The charity's purported statements to its donors contradict the timeline it laid out last week to explain what it knew and when regarding the Sandusky investigation. Sandusky himself informed the charity in 2008 that he was under investigation. By early 2010, the Second Mile's records reportedly had already been subpoenaed by the grand jury.
"When the news finally came out, it hit us hard," said Tracy Bell, a store coordinator at Family Clothesline, a Penn State souvenir shop just off campus that donated more than $50,000 to the charity last year. "We thought we were a part of the Second Mile family, and they lied to us."
Donor outrage is only the latest setback for the Second Mile, one of central Pennsylvania's largest charities for at-risk youth, as it struggles to survive since Sandusky's arrest.
This week, the organization's longtime chief executive officer, Jack Raykovitz, resigned, as did several board members who said they were concerned about the charity's handling of the case.
Sandusky is accused of molesting at least eight boys he met through the Second Mile between 1994 and 2009. He has denied the charges, but the case has already led to the arrest of two former Penn State administrators and the ouster of the university's president, Graham B. Spanier, and its famed football coach, Joe Paterno.
In a statement issued last week, the Second Mile said it became aware of the allegations against its founder in 2008, when Sandusky informed board members that he had been accused of abuse by a boy in Clinton County. He voluntarily agreed to stop working with children.
"Since then, we have done everything in our power to cooperate with law enforcement officials and will continue to do so," the charity's statement said.
But by early this year, news of a wider investigation was well-known. Rumors had begun to percolate around State College. The Harrisburg Patriot-News had started reporting in March on a grand jury convened to hear evidence in the case. And, according to a Thursday report in the New York Times, the Second Mile had already received subpoenas from the Attorney General's Office for Sandusky's travel and expense records.
Bell said her business was concerned enough by the reports to approach Raykovitz and others at the charity's annual golf fund-raiser in June in State College.
"We specifically asked the Second Mile whether there was a grand jury investigation," she said. "They said it was just gossip and rumors. They asked us to make another pledge."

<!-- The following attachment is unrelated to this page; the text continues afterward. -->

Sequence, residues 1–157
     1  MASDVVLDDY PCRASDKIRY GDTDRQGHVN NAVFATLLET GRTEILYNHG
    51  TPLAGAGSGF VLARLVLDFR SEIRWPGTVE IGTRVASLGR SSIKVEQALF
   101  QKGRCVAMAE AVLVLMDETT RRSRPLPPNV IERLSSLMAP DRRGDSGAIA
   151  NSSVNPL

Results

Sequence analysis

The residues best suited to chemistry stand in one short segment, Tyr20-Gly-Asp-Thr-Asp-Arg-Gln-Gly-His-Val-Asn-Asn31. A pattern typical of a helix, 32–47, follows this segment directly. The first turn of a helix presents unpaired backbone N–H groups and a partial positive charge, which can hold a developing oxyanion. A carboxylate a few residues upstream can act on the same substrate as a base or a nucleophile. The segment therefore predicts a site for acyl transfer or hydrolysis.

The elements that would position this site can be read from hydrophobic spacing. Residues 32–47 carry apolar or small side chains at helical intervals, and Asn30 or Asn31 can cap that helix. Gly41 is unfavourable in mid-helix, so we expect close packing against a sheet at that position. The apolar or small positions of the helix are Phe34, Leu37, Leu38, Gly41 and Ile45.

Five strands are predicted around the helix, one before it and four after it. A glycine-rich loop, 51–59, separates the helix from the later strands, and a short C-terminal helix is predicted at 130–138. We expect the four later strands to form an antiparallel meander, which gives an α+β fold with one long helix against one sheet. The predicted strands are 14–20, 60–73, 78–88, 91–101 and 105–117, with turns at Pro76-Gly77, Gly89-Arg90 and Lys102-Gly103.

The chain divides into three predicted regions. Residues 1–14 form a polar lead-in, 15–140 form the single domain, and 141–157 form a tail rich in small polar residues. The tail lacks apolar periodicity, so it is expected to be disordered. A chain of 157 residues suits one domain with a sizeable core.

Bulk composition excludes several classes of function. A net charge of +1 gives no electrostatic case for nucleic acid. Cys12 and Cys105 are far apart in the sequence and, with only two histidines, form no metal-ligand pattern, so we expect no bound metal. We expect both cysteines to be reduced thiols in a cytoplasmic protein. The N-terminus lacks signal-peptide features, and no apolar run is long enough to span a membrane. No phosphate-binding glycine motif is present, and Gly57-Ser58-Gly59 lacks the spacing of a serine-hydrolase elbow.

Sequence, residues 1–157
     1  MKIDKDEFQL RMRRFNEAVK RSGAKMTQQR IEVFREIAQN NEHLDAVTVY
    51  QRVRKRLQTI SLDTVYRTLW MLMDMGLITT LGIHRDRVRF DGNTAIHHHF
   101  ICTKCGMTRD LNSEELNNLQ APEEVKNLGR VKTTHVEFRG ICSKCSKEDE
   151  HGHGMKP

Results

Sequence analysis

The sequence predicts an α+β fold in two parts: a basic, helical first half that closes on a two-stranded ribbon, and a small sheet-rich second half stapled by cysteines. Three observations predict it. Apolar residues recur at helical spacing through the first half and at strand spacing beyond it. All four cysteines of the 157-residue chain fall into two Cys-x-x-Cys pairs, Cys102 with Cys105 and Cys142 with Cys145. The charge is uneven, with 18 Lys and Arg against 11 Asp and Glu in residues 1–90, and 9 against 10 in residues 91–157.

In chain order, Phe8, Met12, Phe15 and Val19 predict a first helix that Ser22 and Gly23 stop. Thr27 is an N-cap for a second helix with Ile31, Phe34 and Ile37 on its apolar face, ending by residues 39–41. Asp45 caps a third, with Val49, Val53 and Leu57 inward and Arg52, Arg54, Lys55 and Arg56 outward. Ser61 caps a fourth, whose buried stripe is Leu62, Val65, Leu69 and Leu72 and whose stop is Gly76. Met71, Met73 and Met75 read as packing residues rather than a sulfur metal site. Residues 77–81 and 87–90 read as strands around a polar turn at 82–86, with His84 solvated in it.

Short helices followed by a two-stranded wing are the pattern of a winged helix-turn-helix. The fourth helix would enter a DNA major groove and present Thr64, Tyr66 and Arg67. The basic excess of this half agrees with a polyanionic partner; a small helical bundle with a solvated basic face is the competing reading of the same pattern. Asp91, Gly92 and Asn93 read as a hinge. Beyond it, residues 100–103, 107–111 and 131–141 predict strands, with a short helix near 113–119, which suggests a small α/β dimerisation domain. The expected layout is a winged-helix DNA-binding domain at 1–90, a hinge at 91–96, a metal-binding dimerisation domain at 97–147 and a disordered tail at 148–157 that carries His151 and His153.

Peter Varischetti, co-owner of the Brockaway commercial real estate firm Varischetti & Sons, said his concerns were also rebuffed. His company donated $5,000 last year.
Even those who never specifically asked Second Mile officials about an investigation said they felt the charity ought to have been more forthcoming.
Major benefactors such as Bank of America and health insurer Highmark Blue Shield have all announced in recent days that they were pulling their support from the program.
"Because of the very disturbing allegations and pending investigations at Second Mile, we are at this time suspending our philanthropic relationship with the organization," said Jeff McCollum, spokesman for State Farm Insurance. The company has consistently ranked among the charity's largest donors, according to annual reports. Last year, it donated between $20,000 and $50,000.
As a nonprofit, the Second Mile faced no legal obligation to inform its donors of any investigations that might affect its future. But several nonprofit sector analysts agreed Thursday that its leaders had a moral duty to inform donors of what they knew when asked.
"What they should have done was be open and up front about it," said Laura Otten, director of the Nonprofit Center at La Salle University. "It would have made them look like they were in control of the situation, as opposed to now, where they look like they were lying."
Elsewhere Thursday, lawmakers and Penn State trustees continued to grapple with questions of accountability for other institutions tied to the Sandusky case.
State lawmakers continued planning a joint House and Senate commission to consider changing state law because of the scandal.
In Washington, Rep. George Miller (D., Calif.) cited the case as evidence of the need to reexamine federal laws protecting students.
Penn State trustees retained the Pittsburgh law firm Reed Smith and seasoned New York crisis-management agency Ketchum to advise them. Both businesses declined to discuss the nature of their roles with the university.
Pledging openness and transparency last week, the board of trustees announced a special committee to conduct an in-depth investigation into the university's response, but since then it has been largely unresponsive.
Questions remain about the panel's makeup and what form that inquiry will take.
"The committee is still being formed, as individuals are being asked to serve and we are waiting on their responses," university spokeswoman Lisa Powers said. "Right now, we need to wait until the committee is in place and fully charged before we can release any more information."
Contact staff writer Jeremy Roebuck at 267-564-5218, email@example.com, or @inqmontco on Twitter. Read his blog, "MontCo Memo," at www.philly.com/montcomemo
Inquirer staff writers Jeff Gammage and Al Lubrano contributed to this article.